As the devastating U.S. fueled civil war in Nicaragua grinds on, the terrible toll of maimed children grows relentlessly.
Because of fuel shortages and the threat of land mines few vehicles travel this once busy highway from Managua to Jinotega. Those that do are often dangerously overcrowded.
A young boy carrying a tub of beans pauses for an instant before rushing home. The busy streets of Jinotega empty at dusk because of frequent evening Contra attacks.
Elda Sanchez, 7, across from her home in Matagalpa, was riding to a market in a neighboring town with 51 others in the back of a large truck. It drove over a land mine, killing or seriously injuring 48. Elda, her father, and her aunt lost legs.
Domingo Jimenez rides to his home in Pantasma. He can no longer run.
A nurse in the clinic in Pantasma examines Domingo’s stump. A land mine destroyed his leg and his dreams of playing baseball in the U.S.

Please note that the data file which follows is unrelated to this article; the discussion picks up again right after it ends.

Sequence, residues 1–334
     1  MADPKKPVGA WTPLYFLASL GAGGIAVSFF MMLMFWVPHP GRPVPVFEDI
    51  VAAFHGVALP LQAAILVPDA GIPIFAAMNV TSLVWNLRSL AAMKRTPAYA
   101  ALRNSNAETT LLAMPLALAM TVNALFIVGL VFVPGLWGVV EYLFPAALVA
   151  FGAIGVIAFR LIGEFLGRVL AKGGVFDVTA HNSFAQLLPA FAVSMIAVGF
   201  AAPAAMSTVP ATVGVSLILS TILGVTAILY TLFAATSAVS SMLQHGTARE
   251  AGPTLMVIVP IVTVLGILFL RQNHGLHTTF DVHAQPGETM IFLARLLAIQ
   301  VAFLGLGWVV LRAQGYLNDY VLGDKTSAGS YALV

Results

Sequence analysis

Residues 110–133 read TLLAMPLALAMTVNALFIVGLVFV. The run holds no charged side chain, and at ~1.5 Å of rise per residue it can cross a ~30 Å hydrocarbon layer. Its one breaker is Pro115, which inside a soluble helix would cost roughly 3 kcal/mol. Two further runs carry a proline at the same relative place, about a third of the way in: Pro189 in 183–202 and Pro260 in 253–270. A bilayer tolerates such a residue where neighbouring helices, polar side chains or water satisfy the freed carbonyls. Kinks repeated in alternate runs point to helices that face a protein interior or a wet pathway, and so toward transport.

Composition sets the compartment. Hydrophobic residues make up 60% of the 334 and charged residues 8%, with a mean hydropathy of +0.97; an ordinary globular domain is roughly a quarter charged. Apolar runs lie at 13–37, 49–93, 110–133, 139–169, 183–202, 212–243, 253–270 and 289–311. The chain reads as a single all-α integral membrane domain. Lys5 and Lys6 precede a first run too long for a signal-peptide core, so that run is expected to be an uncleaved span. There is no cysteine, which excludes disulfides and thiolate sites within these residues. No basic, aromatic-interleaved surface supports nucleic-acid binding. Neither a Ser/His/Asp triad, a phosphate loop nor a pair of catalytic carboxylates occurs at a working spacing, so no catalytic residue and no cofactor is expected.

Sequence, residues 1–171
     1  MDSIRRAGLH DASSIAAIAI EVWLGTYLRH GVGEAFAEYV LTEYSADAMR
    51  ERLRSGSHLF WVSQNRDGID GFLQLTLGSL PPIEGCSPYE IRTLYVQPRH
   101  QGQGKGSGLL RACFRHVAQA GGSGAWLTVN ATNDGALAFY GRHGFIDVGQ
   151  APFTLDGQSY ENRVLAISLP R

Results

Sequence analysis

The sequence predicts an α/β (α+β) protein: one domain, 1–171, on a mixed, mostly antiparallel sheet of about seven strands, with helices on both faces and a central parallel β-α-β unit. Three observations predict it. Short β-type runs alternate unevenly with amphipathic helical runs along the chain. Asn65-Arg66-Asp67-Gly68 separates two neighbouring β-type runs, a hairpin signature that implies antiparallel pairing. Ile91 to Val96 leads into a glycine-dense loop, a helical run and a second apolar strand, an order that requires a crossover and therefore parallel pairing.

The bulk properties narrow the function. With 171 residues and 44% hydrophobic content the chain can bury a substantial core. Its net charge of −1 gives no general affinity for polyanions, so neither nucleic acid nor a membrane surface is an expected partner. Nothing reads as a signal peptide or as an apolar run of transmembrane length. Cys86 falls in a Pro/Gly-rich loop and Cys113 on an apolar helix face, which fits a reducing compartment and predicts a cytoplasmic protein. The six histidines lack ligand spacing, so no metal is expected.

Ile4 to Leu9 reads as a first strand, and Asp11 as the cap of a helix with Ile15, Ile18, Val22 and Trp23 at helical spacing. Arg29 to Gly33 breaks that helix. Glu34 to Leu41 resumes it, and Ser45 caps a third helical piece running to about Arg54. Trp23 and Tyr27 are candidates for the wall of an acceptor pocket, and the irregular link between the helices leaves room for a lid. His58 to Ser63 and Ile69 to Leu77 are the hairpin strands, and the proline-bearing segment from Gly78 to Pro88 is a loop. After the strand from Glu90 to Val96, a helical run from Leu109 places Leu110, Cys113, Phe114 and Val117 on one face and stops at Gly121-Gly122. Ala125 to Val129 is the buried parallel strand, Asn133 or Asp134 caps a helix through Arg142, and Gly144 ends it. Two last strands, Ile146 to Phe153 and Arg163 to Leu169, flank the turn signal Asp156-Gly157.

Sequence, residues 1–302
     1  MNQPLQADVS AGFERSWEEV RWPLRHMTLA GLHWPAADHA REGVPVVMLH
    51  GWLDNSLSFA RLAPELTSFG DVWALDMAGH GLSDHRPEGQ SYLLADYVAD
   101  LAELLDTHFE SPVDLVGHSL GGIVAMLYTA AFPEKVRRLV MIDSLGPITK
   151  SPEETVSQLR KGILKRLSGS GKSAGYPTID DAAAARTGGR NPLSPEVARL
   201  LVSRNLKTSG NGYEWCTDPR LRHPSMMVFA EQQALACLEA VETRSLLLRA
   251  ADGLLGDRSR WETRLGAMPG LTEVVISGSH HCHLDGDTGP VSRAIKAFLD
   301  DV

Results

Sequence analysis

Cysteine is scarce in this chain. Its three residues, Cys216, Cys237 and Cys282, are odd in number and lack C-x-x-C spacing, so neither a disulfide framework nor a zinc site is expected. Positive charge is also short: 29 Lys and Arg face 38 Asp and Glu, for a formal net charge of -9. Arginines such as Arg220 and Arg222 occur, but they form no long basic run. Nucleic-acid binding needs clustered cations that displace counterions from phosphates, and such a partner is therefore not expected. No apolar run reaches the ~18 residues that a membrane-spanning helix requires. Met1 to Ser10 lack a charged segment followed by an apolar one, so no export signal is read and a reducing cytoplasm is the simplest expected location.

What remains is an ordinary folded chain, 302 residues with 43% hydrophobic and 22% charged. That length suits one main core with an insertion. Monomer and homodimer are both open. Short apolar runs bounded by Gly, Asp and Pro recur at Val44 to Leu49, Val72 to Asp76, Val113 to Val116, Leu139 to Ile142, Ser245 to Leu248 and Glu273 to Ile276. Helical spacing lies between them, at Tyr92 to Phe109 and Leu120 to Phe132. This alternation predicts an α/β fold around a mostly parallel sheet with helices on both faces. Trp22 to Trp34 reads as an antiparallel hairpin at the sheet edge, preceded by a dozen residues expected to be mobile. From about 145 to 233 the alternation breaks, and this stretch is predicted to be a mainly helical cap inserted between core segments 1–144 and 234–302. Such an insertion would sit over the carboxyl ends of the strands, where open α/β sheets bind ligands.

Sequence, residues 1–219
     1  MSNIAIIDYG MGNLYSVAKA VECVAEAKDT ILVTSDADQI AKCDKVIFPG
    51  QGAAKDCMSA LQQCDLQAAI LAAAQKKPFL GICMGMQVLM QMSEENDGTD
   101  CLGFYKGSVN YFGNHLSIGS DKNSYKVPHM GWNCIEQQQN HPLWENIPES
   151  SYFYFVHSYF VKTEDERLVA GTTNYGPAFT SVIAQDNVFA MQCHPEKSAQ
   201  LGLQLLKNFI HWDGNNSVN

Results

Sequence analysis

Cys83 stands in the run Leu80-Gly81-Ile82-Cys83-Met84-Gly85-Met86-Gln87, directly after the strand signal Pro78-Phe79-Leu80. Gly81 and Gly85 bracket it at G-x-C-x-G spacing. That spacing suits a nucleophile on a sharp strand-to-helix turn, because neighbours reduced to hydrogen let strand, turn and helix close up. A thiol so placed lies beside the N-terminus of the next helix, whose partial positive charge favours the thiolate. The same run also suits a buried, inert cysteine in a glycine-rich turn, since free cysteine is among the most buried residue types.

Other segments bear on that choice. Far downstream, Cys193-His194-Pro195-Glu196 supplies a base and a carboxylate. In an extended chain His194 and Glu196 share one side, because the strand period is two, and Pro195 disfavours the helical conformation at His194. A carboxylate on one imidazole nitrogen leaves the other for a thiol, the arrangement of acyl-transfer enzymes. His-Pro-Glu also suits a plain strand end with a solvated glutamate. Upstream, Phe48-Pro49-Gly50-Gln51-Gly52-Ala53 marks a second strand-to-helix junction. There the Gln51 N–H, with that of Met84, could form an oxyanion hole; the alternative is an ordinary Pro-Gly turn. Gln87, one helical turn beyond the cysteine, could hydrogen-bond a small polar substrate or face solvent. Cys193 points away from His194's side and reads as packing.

Bayardo Orozco, 5, being comforted by his father, Pedro, was riddled by shrapnel from a Contra-laid mine. He was playing with his brother Alfredo, who lost an eye in the same explosion.
Kenia lost both legs in a grenade attack. She is being treated by Dr. Ricardo Zamora and nurse Hilda Espinosa.
Yalitza Galeano’s mother holds her as nurse Espinosa cleans bullet wounds in both of her legs, again without any anesthesia. Yalitza, 4, was caught in crossfire while playing in her yard.